Following the acquittal, which was greeted with great surprise in the press, James was brought before a federal judge for an extradition hearing concerning his involvement in the March 1881 robbery of a United States Army Corps of Engineers paymaster in Muscle Shoals, Alabama. (New York Tribune, Feb. 12, 1884, p. 1) A federal jury in Huntsville, Alabama pronounced him not guilty for the Muscle Shoals robbery on April 25, but James was promptly re-arrested by a Missouri sheriff for yet another train robbery. Incidentally, an officer from Minnesota was also on hand with an extradition request (Huntsville [Alabama] Gazette, April 26, 1884, p. 3). James returned to Missouri where he awaited trial in Cooper County. After several continuances, the case came to trial in February 1885 when the case was dismissed. (At about the same time, Minnesota dropped its efforts to try James.)

    Following the dismissal, James led a relatively quiet life working in a variety of jobs including stints as a doorman, livestock trader, and telegraph operator. In 1903, Frank James, with former James Gang member Cole Younger, staged "The Great Cole Younger and Frank James Historical Wild West Show." The show proved unsuccessful and the pair left the show before the year was out. Frank died in 1915, never having been convicted of a crime.




    Shipping, Taxes, Terms and Bidding
    Calculate Standard Domestic Shipping

    Sales Tax information  |  Terms and Conditions

    Bidding Guidelines and Bid Increments

    Glossary of Terms

    Auction Info

    Auction Dates
    August, 2018
    25th-26th Saturday-Sunday
    Bids + Registered Phone Bidders: 5
    Lot Tracking Activity: N/A
    Page Views: 485

    Buyer's Premium per Lot:
    25% on the first $250,000 (minimum $19), plus 20% of any amount between $250,000 and $2,500,000, plus 12% of any amount over $2,500,000 per lot.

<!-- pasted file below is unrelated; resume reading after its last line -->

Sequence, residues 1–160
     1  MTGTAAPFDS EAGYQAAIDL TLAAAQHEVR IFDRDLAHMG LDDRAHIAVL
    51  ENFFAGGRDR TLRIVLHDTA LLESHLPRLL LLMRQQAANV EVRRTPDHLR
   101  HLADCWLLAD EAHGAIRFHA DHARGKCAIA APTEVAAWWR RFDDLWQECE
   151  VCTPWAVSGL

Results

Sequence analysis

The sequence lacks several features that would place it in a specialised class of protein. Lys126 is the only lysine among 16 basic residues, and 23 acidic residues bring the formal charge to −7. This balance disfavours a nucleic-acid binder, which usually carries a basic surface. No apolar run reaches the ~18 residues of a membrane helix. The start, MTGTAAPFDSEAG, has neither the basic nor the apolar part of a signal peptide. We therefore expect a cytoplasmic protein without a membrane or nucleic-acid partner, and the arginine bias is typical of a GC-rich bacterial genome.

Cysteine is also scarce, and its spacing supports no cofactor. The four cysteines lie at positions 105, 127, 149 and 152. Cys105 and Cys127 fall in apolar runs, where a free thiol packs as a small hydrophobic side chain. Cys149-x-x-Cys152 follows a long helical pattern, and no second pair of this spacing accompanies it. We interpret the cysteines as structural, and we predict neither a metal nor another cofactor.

Sold for: Sign-in or Join (free & quick)

    Heritage membership

    Join Now - It's Free

    VIEW BENEFITS
    1. Past Auction Values (prices, photos, full descriptions, etc.)
    2. Bid online
    3. Free Collector newsletter
    4. Want List with instant e-mail notifications
    5. Reduced auction commissions when you resell your
      winnings 
    Consign now
    • Cash Advances
    • More Bidders
    • Trusted Experts
    • Over 200,000 Satisfied Consignors Since 1976
    Consign to the 2019 March 30 - 31 Americana & Political - Dallas.

    Learn about consigning with us

    The pre and post sales experience was wonderful and flawless. Heritage has the best in-house operation I have ever seen and their people are not only professional but fun to work with, especially Steve C.

    As for Heritage's online system… Yes the interface is more complex than what we are used to with SAN but what is behind that interface is amazing for sellers and buyers alike. It is real time and for a real serious auction buyer there is nothing better in the auction industry, bar none.
    Ron Cipolla,
    AZ
    View More Testimonials

    HA.com receives more traffic than any other auction house website. (Source: Similarweb.com)

    Video tutorial

    Getting the most out of search

    Recent auctions

    2018 September 13 Rare Books & Maps Signature Auction Books - Dallas
    2018 September 13 Rare Books & Maps Signature Auction Books - Dallas
    REALIZED $1,094,775